annual report
press release
political objectives

7 October 2015



Branches Closed Since 1-1-90
Since 1-1-06 (10 years)
All banks 9500 (-53%) 2750 (-25%)

At 31-12-2015 there will be only 8400 retail bank branches in the UK, including around 40 of new bank, Metro but excluding 200 ‘branches’ of Handelsbanken UK, because its customers have to use other banks’ counters. Banks closed 500 branches in 2014 following 222 in 2013 and are on course for at least 650 closures in 2015.

Lost all banks
With only 1 bank 840  
With 2 banks 360  
With 3 or more banks 1100  
European Comparisons (branches per million inhabitants) 2014
  145 (170 with Building Societies)
France 410  
Italy 500  


Spain 690  

There is a better geographical spread in the other countries, which retain regionally and locally owned banks.

Big 5 brands Net Closures* Since 1-1-90 Since 1-1-06 Leaving at 31-12-15
Lloyds 2427 (453 o/laps+467→TSB) 780 (84 o/laps+467→TSB) 1250e
NatWest 1898 532 1099
Barclays 1802 (279 o/laps) 668 (279 o/laps) 1361
HSBC 1065 536   977
Santander   839 (364 o/laps) 364 (364 o/laps)   807e
o/lap=merger of nearby branches following integration e.g. Barclays/Woolwich; Lloyds/TSB

The voluntary pledges by 3 of the Big 4 to keep open the ‘last bank in town’ protected 70% of sole bank communities more than 1 mile from an alternative bank but were cancelled in 2014.during which 124 ‘last banks’ were closed with 177 more in course this year. Currently most impacted by closures are ‘market’ towns/ rural hubs and seaside/retirement communities in England & Wales and secondary urban areas: all of which lose retail turnover as well as banking convenience, .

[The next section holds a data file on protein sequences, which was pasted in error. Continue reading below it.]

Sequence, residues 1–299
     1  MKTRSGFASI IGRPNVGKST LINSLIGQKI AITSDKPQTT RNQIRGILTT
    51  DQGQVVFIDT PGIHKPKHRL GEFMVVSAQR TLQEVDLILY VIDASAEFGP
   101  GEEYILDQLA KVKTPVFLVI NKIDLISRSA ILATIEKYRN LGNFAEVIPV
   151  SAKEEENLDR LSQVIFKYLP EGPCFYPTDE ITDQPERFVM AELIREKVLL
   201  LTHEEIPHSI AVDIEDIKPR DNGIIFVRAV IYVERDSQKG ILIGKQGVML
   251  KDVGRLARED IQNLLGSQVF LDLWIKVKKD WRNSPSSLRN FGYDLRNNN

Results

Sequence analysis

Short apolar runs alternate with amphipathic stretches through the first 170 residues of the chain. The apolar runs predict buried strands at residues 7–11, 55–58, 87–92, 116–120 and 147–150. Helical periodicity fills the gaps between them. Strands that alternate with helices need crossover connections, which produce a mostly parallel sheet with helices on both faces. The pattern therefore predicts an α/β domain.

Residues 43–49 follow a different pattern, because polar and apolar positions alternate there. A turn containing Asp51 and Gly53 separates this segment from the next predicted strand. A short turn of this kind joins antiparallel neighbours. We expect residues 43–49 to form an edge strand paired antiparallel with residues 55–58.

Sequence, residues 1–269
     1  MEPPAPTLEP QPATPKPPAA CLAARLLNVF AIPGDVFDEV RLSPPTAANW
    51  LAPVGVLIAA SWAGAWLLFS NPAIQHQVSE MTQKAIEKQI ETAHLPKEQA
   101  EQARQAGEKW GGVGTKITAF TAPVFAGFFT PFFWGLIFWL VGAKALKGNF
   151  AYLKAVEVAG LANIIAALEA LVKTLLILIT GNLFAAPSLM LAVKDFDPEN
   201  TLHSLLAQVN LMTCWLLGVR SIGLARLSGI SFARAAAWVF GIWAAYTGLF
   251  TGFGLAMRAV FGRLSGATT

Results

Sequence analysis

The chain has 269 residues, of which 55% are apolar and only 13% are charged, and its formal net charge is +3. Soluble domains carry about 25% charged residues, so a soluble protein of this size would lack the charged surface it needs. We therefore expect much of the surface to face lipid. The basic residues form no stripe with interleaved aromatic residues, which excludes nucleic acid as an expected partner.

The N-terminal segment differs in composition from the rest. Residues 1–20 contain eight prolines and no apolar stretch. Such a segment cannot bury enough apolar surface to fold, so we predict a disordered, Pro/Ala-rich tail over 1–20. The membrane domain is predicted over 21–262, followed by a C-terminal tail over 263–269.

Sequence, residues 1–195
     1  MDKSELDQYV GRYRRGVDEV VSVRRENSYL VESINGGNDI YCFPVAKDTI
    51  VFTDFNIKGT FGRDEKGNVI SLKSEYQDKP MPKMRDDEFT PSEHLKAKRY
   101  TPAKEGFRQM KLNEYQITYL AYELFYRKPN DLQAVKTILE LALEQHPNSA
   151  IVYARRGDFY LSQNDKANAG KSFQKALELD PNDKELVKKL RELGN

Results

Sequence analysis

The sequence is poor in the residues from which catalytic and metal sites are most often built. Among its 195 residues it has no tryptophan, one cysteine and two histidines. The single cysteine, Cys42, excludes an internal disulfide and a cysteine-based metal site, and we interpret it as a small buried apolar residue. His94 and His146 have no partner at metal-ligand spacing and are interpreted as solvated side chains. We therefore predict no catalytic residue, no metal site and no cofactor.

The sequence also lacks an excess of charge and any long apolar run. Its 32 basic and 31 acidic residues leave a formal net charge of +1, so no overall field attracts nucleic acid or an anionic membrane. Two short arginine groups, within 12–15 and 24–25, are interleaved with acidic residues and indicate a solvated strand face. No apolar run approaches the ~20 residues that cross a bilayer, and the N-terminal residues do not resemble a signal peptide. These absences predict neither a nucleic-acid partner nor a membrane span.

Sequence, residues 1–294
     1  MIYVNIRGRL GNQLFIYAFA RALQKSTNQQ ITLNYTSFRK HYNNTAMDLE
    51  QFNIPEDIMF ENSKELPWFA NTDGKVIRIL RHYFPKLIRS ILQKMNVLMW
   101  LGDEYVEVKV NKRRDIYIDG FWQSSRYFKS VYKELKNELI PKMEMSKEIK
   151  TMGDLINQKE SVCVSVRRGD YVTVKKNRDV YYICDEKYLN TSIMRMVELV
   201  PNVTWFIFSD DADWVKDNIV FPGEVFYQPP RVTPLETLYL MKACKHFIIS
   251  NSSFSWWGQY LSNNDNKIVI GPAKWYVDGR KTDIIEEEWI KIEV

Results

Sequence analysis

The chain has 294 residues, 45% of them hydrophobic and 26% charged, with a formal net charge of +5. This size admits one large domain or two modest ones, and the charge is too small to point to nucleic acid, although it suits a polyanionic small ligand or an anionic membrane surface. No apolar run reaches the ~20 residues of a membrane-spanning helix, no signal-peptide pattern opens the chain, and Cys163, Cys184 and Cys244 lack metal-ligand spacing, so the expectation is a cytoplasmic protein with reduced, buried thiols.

From May 1 2015 an agreement between the banking industry and government introduced an Access to Banking Protocol which recognised the banks’ inalienable right to close branches but imposed obligations on them to engage with communities on post closure provision. Post office outlets are the industry’s and government’s only alternative but at the time of publishing this report the situation is deemed by many to be unsatisfactory. The industry has continued to decline to pursue neutral shared use branches (community banks and banking centres), an operationally proven alternative to the post office ‘solution’ which could offer a cost effective way to sustain a branch presence in larger bankless communities, extend coverage and, elsewhere, to significantly reduce banks’ operating costs whilst affording opportunities to improve the government’s objectives to open up retail banking competition.

Neither Santander, TSB nor new entrants like Metro, Handelsbanken UK and Virgin seem interested in filling the voids being created by the Big 4’s closures.


Sources: CCBS Research, BBA 2014, European Central Bank 2015